Freestyle, whether it is the brute force of the UFC fighter, or the well guided darts of traditional karate, is a staple of martial arts training. A black belt is not a black belt, after all, unless he can defend himself using techniques of freestyle. Even in the MMA, a good base of classical karate freestyle goes a long way towards educating a fighter to basic ring concepts. That all said, I should caution the reader that one should have polished form if he wishes to make the following techniques work. I know many people do not prefer form training in these modern times, but form teaches control of the body, and of the mind, on an intimate level. And while the purpose of freestyle is to destroy somebody, the true art is found in control. The first thing one must understand is how to set up the fight. This is the structural postion one takes when facing another fighter. The idea is to understand and adjust the structure of the body so that one has max traction with the feet, proper angle of the leg and therefore pushing muscles, and the correct turn of the hip so that max weight can be moved with minimum effort. Another thing that should be done is to keep your eyes on your opponent. Simply, you are not going to be able to fight what you cannot face. Don’t look at the whole body, or generally focus the eyes, look at the eyes of your opponent and know that you are looking through the windows to a mans soul, and therefore will be able to see the moment of thought, if not the whole thought, and what the intended technique is going to be. Lift the arms and point them towards the opponents shoulders. Your opponent will have to go through your arms if he wishes to close with you, and that means he no longer has a straight line. If he goes around your arms, that gives you the straight line advantage. If you wish to make your attacker entirely predictable, spread the hands slightly and give him access, or tighten them slightly so he will have to go around. You may give up a slight advantage, but now you know exactly what he will do. Knowing what an opponent is going to do before he does it is the majority of the game. Balance the body so that he doesn’t know if you are going to attack right or left, or high or low. Turning the shoulders so he can’t predict which side you will come in on gives you a tremendous advantage. Not letting the opponent know which foot you are standing on, and which is free will stop him from knowing which foot you will kick him with. Now, admitted, the techniques and strategy I have presented here are suited to the gunfighter mode of touch tournaments. Still, whether you are facing Anderson Silva in the octagon, or the rival school in a friendly square off, or the gun wielding home invader, these techniques will hold true, and will open the door to further awareness. Whether you are battling in the octagon or on the mean streets, whether you are practicing a traditional karate method, like shotokan, or a more modern method like Kenpo, or even a rare version of Shaolin kung fu or internal Wudan, these tactics will train you to win the fight.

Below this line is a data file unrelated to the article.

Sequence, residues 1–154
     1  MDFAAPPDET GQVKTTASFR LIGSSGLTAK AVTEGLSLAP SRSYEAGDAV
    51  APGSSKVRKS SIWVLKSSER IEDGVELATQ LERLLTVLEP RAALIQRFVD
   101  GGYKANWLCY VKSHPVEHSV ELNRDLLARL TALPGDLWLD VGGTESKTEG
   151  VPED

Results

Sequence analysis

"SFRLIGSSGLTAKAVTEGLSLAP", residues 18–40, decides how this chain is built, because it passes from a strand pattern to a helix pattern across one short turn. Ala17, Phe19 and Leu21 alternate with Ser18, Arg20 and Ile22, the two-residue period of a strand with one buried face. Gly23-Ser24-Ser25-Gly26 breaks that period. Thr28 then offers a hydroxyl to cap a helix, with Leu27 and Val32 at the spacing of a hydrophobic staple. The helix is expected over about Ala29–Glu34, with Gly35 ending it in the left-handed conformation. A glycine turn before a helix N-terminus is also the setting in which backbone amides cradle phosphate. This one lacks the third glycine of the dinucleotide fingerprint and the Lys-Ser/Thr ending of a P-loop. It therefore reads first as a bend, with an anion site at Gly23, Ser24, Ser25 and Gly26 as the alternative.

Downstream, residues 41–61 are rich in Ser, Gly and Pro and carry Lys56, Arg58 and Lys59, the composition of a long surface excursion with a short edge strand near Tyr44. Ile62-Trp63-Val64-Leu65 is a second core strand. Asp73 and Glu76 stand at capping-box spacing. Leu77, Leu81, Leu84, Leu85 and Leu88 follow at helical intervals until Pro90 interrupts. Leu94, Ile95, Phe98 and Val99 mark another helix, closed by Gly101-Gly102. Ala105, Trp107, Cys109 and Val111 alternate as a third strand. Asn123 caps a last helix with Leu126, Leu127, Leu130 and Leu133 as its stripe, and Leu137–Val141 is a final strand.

Al Case has dissected martial arts for 4O years. He has written for the magazines since 1981, is the originator of Matrixing Technology, and has written the ultimate work on making a punch that will knock out your opponent every single time.